Adele (Margaret O’Brien) is pleasant but clearly cannot achieve the French quality which is important tin the book. Blanche Ingram is suitably arch. Mason is underdeveloped and, as noted, we do not really see Bertha at all. The film does essay presenting Jane’s point of view, but not consistently. Two shots stand out, as the camera, sited behind Jane, includes her in a shot of Rochester with Blanche in deep staging. In fact the film uses deep focus/staging and chiaroscuro for much of its length. In that and other ways it resembles Citizen Kane. Here though we have cinematographer George Barnes. He had worked on the earlier Rebecca, where equally there was a frequent use of chiaroscuro sand a gothic feel.

Jane Eyre 06

This gothic feel is emphasised by the Production Design of William Pereira, who also acted a second unit director. Together with the Art Designs by James Basevi (who worked on Wuthering Heights) and Ward Ihnen and also the set decoration of Thomas Little the film seems to come from some C18th Gothic novel rather than the C19th Brontë. Thornfield is like a castle and most rooms have bare stone walls. There are battlements and a tower where Bertha resides. And there are frequent shots of the battlements as the plot darkens. Thornfield is a building full of shadows. The film was shot in a studio but through back projections, matte shots and the use of models it generates a feel of a Yorkshire landscape, wild and turbulent. There are frequent dissolves as transitions between scenes, the work of special effects specialist Fred Sersen. Another trope is the use of staircases, a conventional Hollywood setting for moment so drama and transition. There are at least nine sequences set on a staircase, more than a in any other version of the novel that I have seen. They appear when Jane leaves Gateshead, when we meet Helen Burns for the first time, in several scenes involving Jane with Rochester and, of course, as a spiral, in the tower where Bertha is hidden.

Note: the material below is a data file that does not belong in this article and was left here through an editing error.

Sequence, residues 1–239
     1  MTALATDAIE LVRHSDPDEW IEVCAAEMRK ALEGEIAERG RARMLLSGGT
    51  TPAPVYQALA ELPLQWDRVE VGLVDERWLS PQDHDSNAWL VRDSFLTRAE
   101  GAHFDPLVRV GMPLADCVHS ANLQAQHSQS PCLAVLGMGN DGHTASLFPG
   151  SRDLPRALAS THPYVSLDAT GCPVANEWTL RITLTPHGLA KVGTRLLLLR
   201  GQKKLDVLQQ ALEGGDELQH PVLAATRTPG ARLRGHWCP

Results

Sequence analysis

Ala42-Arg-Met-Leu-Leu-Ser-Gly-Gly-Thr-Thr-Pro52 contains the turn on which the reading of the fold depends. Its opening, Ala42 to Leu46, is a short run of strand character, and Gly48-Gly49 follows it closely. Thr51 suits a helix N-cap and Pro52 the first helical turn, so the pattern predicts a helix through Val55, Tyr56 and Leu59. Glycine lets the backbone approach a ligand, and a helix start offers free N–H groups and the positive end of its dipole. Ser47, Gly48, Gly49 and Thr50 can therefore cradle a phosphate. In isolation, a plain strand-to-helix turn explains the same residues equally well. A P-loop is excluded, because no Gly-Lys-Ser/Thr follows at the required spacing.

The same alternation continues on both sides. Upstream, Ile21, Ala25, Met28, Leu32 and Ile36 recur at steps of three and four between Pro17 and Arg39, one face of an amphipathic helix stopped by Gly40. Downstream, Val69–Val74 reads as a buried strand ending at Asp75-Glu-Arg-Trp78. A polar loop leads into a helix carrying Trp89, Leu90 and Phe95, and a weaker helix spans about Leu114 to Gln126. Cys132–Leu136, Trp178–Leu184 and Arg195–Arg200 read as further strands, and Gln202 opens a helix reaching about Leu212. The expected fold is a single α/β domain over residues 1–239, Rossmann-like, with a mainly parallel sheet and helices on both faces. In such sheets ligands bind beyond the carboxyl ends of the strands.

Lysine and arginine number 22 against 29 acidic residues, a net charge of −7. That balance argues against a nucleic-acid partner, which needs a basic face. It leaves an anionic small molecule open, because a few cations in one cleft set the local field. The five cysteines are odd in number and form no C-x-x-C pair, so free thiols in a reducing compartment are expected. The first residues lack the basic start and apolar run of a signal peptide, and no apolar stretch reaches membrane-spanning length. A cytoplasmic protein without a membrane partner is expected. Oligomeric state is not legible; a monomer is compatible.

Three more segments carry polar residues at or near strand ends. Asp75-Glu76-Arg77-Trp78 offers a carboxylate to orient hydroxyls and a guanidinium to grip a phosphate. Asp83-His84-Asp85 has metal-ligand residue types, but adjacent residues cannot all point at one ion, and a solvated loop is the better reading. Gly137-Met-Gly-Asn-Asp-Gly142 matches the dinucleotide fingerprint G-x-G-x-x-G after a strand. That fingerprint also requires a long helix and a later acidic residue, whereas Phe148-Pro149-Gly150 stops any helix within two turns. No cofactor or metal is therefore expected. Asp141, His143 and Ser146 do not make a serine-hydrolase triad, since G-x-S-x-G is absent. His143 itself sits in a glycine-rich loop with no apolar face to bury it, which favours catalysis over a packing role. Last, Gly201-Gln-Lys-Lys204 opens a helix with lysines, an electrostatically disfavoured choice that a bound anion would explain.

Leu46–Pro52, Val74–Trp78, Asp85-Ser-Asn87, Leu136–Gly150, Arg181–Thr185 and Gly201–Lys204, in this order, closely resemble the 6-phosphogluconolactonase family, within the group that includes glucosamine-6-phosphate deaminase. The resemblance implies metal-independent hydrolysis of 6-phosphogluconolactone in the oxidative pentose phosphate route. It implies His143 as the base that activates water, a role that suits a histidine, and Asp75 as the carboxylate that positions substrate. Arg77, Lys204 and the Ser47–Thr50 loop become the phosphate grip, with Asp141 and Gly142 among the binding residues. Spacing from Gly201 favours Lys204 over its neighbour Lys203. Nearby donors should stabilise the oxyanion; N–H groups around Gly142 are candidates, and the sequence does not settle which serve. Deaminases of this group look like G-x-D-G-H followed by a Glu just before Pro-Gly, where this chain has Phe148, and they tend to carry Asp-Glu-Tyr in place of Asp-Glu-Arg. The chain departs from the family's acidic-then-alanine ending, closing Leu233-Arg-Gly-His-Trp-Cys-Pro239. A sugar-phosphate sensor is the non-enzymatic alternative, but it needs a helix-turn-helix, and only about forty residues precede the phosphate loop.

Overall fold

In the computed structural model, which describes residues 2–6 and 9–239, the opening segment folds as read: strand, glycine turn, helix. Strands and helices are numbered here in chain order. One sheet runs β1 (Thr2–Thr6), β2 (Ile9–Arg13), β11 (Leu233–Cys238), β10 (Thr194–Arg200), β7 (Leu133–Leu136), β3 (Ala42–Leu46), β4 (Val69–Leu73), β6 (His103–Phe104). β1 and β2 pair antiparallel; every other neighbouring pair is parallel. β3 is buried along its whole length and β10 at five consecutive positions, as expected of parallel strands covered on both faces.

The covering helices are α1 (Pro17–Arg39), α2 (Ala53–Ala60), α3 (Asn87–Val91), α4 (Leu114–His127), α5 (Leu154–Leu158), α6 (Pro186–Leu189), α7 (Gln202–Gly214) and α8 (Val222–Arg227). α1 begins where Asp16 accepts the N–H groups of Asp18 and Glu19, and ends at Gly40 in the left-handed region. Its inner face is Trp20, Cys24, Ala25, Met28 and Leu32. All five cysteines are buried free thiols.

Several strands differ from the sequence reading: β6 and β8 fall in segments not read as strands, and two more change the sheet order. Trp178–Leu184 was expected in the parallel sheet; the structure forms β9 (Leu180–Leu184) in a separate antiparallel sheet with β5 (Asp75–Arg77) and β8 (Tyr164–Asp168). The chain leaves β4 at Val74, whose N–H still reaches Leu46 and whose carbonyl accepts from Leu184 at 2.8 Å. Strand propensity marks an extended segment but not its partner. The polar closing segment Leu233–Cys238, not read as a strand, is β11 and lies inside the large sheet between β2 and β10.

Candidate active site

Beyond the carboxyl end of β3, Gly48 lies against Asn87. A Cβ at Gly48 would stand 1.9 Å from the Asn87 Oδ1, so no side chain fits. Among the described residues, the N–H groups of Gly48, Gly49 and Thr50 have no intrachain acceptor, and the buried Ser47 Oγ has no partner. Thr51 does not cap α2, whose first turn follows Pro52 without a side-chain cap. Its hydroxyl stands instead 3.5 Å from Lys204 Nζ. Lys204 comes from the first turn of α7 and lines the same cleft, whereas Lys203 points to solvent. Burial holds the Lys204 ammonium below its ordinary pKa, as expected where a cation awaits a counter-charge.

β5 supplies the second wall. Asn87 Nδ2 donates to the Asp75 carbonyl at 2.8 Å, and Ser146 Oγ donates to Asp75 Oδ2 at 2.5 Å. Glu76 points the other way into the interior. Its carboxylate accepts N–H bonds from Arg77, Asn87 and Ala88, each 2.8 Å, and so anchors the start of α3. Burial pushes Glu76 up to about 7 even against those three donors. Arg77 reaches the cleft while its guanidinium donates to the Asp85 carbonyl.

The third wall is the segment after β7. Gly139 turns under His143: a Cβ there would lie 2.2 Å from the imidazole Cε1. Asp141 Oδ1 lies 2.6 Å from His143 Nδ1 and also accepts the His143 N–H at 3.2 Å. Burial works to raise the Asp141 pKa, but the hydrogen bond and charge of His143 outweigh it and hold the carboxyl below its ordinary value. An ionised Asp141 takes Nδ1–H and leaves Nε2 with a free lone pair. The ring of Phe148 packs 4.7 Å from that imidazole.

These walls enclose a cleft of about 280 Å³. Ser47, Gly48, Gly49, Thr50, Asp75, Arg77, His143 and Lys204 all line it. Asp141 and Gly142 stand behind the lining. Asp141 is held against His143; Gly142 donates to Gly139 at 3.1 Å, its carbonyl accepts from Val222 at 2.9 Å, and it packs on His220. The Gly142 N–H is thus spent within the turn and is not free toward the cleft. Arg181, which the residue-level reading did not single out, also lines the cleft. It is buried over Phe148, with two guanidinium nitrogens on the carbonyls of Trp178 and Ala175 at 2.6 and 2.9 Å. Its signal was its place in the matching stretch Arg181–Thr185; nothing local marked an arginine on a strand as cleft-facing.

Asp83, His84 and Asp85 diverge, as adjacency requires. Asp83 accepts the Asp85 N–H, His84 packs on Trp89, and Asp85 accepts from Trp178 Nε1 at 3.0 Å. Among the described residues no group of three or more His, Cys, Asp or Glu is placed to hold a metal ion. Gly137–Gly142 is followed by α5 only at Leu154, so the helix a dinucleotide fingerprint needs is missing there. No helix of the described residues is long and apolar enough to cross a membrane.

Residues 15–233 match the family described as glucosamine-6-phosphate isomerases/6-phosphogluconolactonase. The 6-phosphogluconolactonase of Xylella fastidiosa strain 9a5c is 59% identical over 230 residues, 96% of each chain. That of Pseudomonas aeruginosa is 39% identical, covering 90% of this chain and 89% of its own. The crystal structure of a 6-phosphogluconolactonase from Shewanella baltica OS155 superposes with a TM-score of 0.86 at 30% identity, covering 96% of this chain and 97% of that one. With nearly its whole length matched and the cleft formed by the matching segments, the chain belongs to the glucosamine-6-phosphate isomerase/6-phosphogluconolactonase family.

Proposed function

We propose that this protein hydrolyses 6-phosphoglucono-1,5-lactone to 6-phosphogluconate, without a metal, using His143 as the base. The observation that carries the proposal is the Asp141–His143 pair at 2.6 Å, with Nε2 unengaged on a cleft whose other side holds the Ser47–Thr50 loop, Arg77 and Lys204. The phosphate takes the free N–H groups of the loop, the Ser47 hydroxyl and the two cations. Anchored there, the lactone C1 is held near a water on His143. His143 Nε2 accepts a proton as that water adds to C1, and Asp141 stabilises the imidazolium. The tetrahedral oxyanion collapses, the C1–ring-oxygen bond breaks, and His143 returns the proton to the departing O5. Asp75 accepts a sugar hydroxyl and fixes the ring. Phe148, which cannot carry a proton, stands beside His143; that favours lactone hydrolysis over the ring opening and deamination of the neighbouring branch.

The director of the film was Robert Stevenson, who had worked in the British film industry and then moved to Hollywood. But this gothic-style film is unlike his other films of the periods. However, it is very like the work directed by Orson Welles, and seems at times to borrow from the style of Citizen Kane (1941). Welles, when negotiating the film, asked for a producer credit, but was only contracted as an actor. However, it is clear from reminiscences that he also ‘assisted’ in some of the direction. Citizen Kane, of  course, had an immense influence among the Hollywood craft community. The expressionist style and atmosphere can be seen in numerous examples across the studio films. But Welles was also assisted in this case by the number of his associates working on the film. John Houseman worked with Welles in the theatre and radio in New York. Welles apparently picked a member of the Mercury Theatre, Agnes Moorehead, for the role of Mrs Reed. The Jane Eyre film also crosses over in at least one way with I Walked with a Zombie. This was filmed at RKO , Welles old studio, where he was still working when not acting, on re-cutting his It’s All True [only to see the light of day in 1993]. And the score for Jane Eyre by Bernard Herrmann at times seems to recall that in Citizen Kane: in fact, it appears that Herrmann used orchestrations and themes in this film from the score he composed for the earlier Rebecca.

Rochester and Jane in the 1943 version

Rochester and Jane in the 1943 version